• With copper prices set to rise in 2023 and growing demand the commodity is a pick of Stake
  • Interest in nuclear energy is being revived as global energy crisis continues
  • Fixed income could be new black as concerns about a recession rise

As we embark on a new year markets analyst at Australian share trading app Stake Megan Stals told Stockhead there are three key investing themes to watch in 2023.


Copper piques interest again

Stals said copper will be an integral part of the green energy transition, playing a vital role in electrification from EVs to solar PVs.

She said there has been forecasts copper demand could treble by 2040, but stockpiles closed 2022 near record lows.

“So it’s no surprise that Goldman Sachs expects prices to go from US$8500 per ton to US$11,000 per ton in 2023, with further potential growth in 2024,” she said.

“That said, copper is a bellwether for the world’s economy, and given China’s elongated zero covid-19 policy in 2022, and an uncertain global outlook, the price has fallen around 11% over the past year.”

Stals said naturally, many miners have been discouraged from bringing new projects online, increasing the likelihood of longer term shortages.

Political unrest in major copper producing nations such as Chile, Peru and the Democratic Republic of Congo have also harmed supply.

Stals said in the short term, the prevailing economic uncertainty means some analysts are bearish on copper, but supply and demand factors suggest an upward trajectory over the long term.

“Copper is likely to remain volatile in 2023, but is also expected to generate more interest for investors,” she said.


Pro-Nuclear Energy Fallout Continues into 2023

As the worldwide energy crisis rages on, Stals said the appeal of the nuclear industry has been revived.

She said 2022 has seen many positive changes, including a ruling from the European Commission denoting it as a sustainable energy source, extended lifespans of nuclear power stations in Germany and Japan, and the US Inflation Reduction Act providing tax credit incentives.

“China and India are also ramping up their commitment to nuclear power, with the former planning to build between six and eight reactors per year by 2025,” she said.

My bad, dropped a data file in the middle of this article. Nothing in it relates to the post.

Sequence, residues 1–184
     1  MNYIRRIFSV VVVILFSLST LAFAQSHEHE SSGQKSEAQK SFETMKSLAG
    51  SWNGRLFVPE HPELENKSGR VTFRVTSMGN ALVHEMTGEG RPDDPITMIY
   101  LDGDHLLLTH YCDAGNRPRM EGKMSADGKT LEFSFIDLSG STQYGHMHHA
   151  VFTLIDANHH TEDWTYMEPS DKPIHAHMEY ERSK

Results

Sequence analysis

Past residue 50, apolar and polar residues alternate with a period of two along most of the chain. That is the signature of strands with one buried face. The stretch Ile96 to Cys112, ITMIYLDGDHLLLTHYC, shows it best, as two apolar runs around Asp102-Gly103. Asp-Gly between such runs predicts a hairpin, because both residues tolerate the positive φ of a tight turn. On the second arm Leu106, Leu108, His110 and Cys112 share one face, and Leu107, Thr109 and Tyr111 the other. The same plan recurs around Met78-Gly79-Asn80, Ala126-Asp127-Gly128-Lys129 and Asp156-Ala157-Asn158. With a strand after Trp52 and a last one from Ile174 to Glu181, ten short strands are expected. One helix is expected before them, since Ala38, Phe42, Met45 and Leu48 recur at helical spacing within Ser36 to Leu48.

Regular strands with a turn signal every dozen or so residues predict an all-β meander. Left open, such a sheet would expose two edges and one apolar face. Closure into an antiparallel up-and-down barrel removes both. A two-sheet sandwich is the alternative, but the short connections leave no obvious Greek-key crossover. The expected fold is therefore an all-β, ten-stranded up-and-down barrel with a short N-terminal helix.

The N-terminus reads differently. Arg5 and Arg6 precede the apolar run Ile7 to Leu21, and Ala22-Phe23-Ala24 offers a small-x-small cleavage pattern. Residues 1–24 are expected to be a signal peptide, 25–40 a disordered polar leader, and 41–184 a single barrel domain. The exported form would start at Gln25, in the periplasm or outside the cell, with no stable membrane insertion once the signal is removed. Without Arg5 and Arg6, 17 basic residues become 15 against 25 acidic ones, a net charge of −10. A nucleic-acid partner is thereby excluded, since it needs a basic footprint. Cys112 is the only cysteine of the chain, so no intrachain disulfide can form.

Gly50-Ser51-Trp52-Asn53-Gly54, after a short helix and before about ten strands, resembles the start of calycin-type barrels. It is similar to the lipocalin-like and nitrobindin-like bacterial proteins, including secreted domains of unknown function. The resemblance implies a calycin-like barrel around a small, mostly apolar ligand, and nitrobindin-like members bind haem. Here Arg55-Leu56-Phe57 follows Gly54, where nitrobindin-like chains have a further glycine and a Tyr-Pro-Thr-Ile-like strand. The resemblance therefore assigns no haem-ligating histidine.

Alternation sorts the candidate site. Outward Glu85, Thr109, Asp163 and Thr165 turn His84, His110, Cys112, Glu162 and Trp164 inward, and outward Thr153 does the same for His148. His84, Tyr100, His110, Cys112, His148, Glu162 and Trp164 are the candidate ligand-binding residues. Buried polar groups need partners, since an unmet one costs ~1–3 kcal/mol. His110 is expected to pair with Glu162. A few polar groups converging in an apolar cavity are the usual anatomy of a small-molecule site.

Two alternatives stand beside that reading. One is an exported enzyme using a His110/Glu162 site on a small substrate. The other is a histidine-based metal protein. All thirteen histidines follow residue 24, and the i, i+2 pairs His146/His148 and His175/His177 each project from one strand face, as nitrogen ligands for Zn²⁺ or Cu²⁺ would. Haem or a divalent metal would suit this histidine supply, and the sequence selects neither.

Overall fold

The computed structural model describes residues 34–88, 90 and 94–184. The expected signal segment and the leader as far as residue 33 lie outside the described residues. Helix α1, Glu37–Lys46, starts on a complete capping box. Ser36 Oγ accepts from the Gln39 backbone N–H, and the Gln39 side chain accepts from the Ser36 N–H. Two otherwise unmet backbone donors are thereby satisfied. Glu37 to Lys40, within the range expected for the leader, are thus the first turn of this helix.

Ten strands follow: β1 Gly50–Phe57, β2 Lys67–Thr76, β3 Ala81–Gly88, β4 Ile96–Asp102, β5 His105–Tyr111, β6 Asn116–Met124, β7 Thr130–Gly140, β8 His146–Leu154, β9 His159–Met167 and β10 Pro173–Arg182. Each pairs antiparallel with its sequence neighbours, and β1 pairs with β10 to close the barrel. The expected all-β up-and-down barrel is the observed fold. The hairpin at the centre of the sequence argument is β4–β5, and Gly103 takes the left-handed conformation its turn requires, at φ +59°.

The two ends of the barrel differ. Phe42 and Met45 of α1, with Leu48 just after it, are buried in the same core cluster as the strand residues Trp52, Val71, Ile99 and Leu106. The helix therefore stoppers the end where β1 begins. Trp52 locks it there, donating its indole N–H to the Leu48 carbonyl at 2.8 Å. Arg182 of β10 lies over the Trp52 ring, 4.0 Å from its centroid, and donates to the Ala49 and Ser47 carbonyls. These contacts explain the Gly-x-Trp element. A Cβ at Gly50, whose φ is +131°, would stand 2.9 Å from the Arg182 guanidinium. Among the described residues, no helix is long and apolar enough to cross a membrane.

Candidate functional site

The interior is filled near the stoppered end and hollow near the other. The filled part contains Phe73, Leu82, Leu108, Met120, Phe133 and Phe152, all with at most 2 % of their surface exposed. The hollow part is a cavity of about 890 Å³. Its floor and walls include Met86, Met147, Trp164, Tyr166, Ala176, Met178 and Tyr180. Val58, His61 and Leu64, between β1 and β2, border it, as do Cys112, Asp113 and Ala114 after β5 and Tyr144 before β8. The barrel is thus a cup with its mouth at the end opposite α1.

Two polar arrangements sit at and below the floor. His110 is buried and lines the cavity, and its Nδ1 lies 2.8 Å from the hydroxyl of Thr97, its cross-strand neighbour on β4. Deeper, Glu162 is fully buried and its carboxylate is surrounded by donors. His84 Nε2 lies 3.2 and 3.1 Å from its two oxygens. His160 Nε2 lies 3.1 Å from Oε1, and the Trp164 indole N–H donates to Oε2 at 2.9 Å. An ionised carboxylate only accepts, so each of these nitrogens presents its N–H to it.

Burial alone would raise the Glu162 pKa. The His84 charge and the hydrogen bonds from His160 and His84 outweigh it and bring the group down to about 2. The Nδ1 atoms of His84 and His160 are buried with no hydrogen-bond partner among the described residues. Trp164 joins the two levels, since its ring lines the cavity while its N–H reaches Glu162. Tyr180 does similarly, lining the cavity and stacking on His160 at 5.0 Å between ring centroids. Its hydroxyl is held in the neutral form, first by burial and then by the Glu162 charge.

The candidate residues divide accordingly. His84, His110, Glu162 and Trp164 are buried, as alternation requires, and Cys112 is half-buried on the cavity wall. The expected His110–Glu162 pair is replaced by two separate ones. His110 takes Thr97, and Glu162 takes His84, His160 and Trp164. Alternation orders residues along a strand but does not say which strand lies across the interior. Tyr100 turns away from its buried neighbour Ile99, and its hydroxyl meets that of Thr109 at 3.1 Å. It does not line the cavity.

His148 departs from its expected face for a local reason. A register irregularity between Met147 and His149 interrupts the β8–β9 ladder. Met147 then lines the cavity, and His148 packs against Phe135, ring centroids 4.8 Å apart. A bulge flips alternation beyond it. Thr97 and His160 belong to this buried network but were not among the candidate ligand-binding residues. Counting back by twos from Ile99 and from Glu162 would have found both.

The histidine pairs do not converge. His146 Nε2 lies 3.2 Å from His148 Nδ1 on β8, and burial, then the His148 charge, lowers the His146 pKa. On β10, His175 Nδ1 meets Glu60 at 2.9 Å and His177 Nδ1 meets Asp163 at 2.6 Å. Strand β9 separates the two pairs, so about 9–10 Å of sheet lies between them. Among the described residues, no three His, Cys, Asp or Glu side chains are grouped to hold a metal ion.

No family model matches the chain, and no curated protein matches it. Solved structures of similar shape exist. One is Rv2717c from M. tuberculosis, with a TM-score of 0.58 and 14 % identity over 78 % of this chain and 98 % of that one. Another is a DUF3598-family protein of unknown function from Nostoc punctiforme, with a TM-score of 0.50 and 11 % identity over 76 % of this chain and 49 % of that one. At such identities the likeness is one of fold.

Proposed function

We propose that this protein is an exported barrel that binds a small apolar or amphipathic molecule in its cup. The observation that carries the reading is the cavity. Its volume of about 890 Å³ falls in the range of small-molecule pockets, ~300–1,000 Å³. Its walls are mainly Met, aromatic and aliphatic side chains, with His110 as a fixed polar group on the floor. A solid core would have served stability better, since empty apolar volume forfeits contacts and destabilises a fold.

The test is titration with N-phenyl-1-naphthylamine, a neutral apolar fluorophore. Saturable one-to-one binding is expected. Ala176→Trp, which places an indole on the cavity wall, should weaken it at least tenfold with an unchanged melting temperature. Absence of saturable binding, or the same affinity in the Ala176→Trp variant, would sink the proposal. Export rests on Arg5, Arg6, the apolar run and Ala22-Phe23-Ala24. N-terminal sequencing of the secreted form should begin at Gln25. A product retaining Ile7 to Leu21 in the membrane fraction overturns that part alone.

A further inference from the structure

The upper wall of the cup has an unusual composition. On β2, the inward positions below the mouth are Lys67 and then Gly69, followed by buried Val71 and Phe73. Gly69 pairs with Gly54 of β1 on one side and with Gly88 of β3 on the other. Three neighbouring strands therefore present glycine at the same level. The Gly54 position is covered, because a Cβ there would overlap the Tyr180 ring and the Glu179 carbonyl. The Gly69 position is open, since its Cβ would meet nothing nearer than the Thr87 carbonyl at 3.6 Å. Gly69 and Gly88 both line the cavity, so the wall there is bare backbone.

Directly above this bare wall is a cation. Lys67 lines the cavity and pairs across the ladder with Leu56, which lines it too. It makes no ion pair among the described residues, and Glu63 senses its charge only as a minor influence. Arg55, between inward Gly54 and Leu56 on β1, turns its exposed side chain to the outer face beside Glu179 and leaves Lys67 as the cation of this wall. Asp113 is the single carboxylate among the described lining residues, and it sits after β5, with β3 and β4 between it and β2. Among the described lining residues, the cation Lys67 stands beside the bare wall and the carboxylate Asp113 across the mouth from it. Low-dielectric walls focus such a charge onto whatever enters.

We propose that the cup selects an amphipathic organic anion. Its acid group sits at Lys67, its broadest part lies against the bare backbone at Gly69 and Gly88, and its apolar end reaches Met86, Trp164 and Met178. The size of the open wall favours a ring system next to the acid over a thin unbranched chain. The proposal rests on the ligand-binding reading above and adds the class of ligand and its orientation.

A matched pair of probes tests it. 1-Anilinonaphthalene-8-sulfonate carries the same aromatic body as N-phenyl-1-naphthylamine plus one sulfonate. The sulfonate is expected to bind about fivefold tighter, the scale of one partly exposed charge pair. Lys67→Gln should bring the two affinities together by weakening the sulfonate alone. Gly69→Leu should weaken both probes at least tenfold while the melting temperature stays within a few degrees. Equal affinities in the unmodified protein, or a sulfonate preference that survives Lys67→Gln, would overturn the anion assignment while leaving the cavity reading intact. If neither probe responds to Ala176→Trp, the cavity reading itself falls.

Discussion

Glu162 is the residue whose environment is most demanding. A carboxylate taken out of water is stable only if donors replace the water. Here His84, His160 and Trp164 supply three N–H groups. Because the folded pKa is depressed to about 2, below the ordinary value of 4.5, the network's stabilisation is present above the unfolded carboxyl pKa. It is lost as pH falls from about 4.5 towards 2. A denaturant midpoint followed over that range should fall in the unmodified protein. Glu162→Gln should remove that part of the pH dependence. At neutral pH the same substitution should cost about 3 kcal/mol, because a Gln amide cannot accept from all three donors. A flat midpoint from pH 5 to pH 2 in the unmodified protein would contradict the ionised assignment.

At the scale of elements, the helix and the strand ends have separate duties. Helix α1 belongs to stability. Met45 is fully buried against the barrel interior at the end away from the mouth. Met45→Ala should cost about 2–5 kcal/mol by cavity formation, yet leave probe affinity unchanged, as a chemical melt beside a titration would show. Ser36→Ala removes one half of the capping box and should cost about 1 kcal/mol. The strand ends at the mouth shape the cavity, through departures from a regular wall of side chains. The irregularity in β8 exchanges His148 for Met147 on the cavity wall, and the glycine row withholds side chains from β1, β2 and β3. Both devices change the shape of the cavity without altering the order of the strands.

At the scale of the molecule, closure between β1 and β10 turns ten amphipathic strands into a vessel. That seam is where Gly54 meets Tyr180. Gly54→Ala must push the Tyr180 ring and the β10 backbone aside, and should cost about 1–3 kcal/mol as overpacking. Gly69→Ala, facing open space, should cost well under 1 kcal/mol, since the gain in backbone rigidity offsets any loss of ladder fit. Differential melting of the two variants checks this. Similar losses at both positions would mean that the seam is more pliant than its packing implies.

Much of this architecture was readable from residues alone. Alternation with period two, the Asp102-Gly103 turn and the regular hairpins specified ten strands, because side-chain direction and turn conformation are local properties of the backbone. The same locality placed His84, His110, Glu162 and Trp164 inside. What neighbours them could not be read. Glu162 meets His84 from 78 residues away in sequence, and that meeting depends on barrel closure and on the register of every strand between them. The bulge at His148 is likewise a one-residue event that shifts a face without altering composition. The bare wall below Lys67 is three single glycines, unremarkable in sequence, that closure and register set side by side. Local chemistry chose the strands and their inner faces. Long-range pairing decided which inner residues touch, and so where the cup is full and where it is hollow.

Due to sustained low uranium prices since the 2011 Fukushima disaster, many miners have left projects on care and maintenance.

But Stals said the drawdown of stockpiles by major utility companies will also fuel higher demand for new mines.

“Australia is fortunate to sit on the world’s largest proven uranium reserves and this means some ASX-listed miners could benefit in 2023,” she said.

“It’s worth mentioning that several analysts say uranium prices of at least US$60 per pound are needed for more operations to be profitable.

“Consistently lower prices remain an obvious headwind for uranium miners, however, this also means there’s unlikely to be a massive surplus of the commodity any time soon.”

Stals said those that are closest to reaching production will be in the best position to cash-in if the price does eventually rise.


Fixed Income is the New Black

Stals said the yield gap between stocks and bonds has greatly narrowed since the covid-19 crisis.

“Bonds went out of fashion following the global financial crisis and equities have generally outperformed over the period to 2022,” she said.

After a terrible year in the stock market,  Goldman Sachs notes that some investors don’t feel adequately compensated for the extra risk that comes with equities, leading them towards fixed income options.

“As long term bond issuers provide higher coupon payments, to compensate for increased inflation risk, the current starting yield for 10-year US and Australian government bonds sits at around 4%,” Stals said.

She said inflation levels decline and central banks start to slow, or even reverse rate hikes over the next 18 months, today’s higher yields could become more attractive, sparking a rise in market prices.

“Bonds tend to become more attractive as concerns about a recession rise and expectations for equity returns deteriorate,” she said.

Recent data from Betashares reveals its fixed income ETFs saw the biggest inflow of funds when compared to other sectors.

“While bonds are not the most exciting investment, they are increasingly appealing for those looking to mitigate risk, and ETFs make them more accessible than ever,” Stals said.